Henry Cotton Building


Decarbonising for the future.

As a modern, pioneering university, Liverpool John Moores is committed to tackling climate change through research, education and innovation. Running its buildings sustainably is a key part of that journey, reducing carbon emissions year on year and re-investing the money saved on energy bills back into the university. As part of its goal to meet all national and sector specific emissions targets, CWC were commissioned to undertake an energy modelling study to determine the current energy performance of the Henry Cotton Building.






Liverpool John Moores University


The study was carried out using IES software and the results cross-referenced with meter readings for accuracy. The heating and air handling systems were both found to be past economic life expectancy, costing an excessive amount to run and maintain compared with modern technologies.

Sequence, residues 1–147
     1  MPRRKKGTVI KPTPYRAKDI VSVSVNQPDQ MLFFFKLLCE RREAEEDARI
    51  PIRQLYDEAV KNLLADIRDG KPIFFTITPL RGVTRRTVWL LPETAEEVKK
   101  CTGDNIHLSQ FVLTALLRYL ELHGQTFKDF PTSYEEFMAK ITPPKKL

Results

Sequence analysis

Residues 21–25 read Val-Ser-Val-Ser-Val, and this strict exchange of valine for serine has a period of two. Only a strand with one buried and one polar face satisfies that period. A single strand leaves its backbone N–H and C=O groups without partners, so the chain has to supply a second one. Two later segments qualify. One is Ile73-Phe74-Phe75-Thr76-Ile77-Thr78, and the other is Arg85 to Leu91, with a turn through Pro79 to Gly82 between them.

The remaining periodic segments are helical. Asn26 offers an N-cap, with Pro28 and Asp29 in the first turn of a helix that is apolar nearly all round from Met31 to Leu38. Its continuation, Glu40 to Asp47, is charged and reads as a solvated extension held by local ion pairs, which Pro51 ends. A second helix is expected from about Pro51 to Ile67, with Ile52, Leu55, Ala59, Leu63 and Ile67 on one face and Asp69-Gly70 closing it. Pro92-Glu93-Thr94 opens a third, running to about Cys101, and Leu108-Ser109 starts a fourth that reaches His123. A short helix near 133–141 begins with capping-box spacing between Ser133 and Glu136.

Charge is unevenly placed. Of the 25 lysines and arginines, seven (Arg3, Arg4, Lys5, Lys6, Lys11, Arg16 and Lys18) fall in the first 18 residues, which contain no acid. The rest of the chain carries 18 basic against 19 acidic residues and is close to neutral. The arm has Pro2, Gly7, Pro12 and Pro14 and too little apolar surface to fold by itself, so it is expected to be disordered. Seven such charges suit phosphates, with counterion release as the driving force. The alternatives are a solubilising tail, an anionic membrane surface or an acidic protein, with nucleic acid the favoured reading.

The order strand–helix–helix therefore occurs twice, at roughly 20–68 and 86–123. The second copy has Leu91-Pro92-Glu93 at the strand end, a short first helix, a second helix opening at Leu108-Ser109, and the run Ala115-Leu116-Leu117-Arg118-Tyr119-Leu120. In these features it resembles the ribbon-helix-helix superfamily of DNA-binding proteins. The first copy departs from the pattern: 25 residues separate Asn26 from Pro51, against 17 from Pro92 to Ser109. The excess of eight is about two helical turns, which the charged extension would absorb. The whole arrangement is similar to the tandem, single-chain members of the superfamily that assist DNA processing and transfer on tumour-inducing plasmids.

CWC identified that LJMU would be eligible for a government grant as part of the Public Sector Decarbonisation Scheme to carry out the necessary upgrade works to improve the building efficiency and lower the carbon footprint. The scheme was designed to meet the grant criteria, including the requirement for the cost of works to be less than £325/TCO2e. CWC successfully applied for funding on behalf of LJMU and work was completed on site in December 2021.

The existing gas fired boilers will be replaced with 11 high efficiency air to water heat pumps, negating the need for gas on site. The existing air handling unit is also being replaced with a new high efficiency model. To meet the grant criteria the scheme had to include a strategy for ongoing energy monitoring, which was achieved through the inclusion of heat meters and incoming electrical meters.

These upgrades will be significant step towards LJMU’s aspirations to become a low carbon university in the near future.

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